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Re: [Gluster-devel] Feature requests of glusterfs

From: Kevan Benson
Subject: Re: [Gluster-devel] Feature requests of glusterfs
Date: Wed, 02 Jan 2008 11:09:07 -0800
User-agent: Thunderbird (X11/20071031)

LI Daobing wrote:
4. a new AFR model:

Currently, if the AFR have 3 child xlators, and each xlator connect to
a distinct machine. Then the write speed of this AFR is only 33% of the
capacity of the network.

Consider a different model, the AFR send data to machine1, machine1 send
the data to machine2 immediately and then write the data to
disk. Machine2 also send data to machine3 immediately and then write
data to disk. Under this model, we can increase the write speed to 3
times of the previous model (if your switch is good enough and your
network support full duplex).

This can be achieved through multiple AFR definitions, different for each server, that chain the data. I've discussed it once or twice on the list before, but never implemented (time doesn't permit me to follow up on lots of ideas). No need for a new translator, which would be complicated (see below).

In more detail, we need two new kinds of xlators. The first one is the
combination of the AFR and client-protocol (called *safr*). The second
one is similar with the `server-protocol'(called *sserver*).

The machine1, machine2, machine3 is set in the option of safr. And safr
maintain an active-machine list. When safr receive a writev command(or
other commands), it pick a machine from the active-machine list(for
exmaple, machine1). then send the data and a list "[machine2, machine3]"
to machine1. machine1 forward data and list "[machine3]" to machine2
immediately, machine2 also forward data and an empty list to
machine3. Machine1, machine2, machine3 also write the data to the disk
when sending data.

If any machine is down, the afr just remove it from the active-machine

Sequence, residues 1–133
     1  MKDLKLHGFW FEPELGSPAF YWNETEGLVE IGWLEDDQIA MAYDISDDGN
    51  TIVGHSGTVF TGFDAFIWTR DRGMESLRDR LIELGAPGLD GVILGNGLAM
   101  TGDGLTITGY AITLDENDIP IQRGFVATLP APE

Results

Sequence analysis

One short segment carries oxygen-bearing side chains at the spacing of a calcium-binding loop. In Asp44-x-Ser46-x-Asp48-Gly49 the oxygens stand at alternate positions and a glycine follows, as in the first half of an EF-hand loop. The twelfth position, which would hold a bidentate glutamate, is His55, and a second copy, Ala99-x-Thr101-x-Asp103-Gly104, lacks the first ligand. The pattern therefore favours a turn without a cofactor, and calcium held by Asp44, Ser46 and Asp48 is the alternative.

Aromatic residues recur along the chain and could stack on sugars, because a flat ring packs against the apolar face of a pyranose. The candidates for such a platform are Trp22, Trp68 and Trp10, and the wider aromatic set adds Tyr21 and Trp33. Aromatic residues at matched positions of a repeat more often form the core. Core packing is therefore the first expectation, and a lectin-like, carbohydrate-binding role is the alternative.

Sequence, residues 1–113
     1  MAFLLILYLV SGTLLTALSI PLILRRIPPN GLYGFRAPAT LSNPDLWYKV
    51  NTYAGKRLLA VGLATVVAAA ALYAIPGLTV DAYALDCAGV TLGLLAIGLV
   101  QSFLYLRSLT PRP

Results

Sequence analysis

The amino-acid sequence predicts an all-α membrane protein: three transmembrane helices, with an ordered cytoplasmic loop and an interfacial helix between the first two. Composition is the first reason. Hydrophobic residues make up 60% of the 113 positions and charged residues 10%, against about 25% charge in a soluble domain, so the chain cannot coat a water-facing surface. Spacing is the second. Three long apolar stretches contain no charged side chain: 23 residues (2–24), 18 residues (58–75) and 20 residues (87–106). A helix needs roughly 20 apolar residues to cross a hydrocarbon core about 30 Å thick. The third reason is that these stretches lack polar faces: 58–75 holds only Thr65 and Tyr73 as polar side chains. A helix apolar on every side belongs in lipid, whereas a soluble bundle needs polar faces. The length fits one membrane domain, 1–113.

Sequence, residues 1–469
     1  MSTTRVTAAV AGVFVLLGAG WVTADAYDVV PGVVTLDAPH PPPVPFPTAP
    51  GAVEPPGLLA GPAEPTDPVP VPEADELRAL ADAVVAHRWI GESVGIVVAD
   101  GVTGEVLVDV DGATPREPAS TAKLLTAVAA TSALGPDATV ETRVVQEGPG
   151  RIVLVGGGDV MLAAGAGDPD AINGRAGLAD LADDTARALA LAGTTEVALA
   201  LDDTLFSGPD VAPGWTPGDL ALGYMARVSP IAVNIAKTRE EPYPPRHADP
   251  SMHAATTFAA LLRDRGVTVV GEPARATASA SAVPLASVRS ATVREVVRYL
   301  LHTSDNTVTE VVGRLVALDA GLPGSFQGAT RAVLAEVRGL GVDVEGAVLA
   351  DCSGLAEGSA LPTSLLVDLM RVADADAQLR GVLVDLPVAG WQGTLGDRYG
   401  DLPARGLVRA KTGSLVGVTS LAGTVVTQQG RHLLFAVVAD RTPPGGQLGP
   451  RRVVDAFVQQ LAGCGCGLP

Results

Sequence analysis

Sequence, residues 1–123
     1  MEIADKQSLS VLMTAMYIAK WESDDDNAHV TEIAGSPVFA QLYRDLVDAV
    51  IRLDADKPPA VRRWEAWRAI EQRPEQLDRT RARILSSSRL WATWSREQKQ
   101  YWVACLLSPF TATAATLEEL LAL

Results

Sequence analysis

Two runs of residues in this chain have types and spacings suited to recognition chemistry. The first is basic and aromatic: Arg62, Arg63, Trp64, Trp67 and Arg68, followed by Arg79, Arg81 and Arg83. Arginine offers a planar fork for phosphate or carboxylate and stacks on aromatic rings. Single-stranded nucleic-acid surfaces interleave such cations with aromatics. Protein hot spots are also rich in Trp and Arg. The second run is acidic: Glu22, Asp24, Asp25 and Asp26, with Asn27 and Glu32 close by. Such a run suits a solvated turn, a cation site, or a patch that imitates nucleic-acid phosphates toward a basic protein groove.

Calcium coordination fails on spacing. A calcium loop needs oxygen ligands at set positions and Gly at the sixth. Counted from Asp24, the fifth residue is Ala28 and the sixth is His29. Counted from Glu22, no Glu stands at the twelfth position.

list. And add it when the machine is up again.

This model is a little far from the current framework, but I think it's
a good idea to write at 100 MB/s instead of 30+ MB/s in a gigabyte

This all assumes a lot about the target network, which is a bad thing when trying to be as flexible as GlusterFS. For example, machine1 and machine2 may not have an optimized path to each other. They may be in different subnets, off different switches, or in different geographical locations, etc.

The only thing your translators provide that isn't already available through chained translators is automatic reconfiguration of the chain members when a server drops out, which is a good feature, but I would rather just add cheap redundant hardware to boost speed, such as extra gigabit NICs and switches to allow dedicated paths between select systems. Also, maybe the new switch translator can be added to what's already available to achieve what you want, I'm still fuzzy on exactly what it can be used for.

This model is similar with the model in google file system, you can
check the figure 2 in a paper of google file system[1]. I put a copy of
this figure at [2].


Google has a advantage of designing for a specific usage, which makes some design choices better for them than for other projects.

PS, should I copy this feature request to wiki? Or it's ok to only put
it here?

OK, now that I've done my best to tear down your proposal and say why it's not needed, here's where I put my disclaimer:

1) I'm not a dev, and I haven't really looked into the code, so I don't know how easy or hard your proposal is to actually implement. 2) I'm just one person, and even though *I* may think it's not needed, others may differ on this point.


-Kevan Benson
-A-1 Networks

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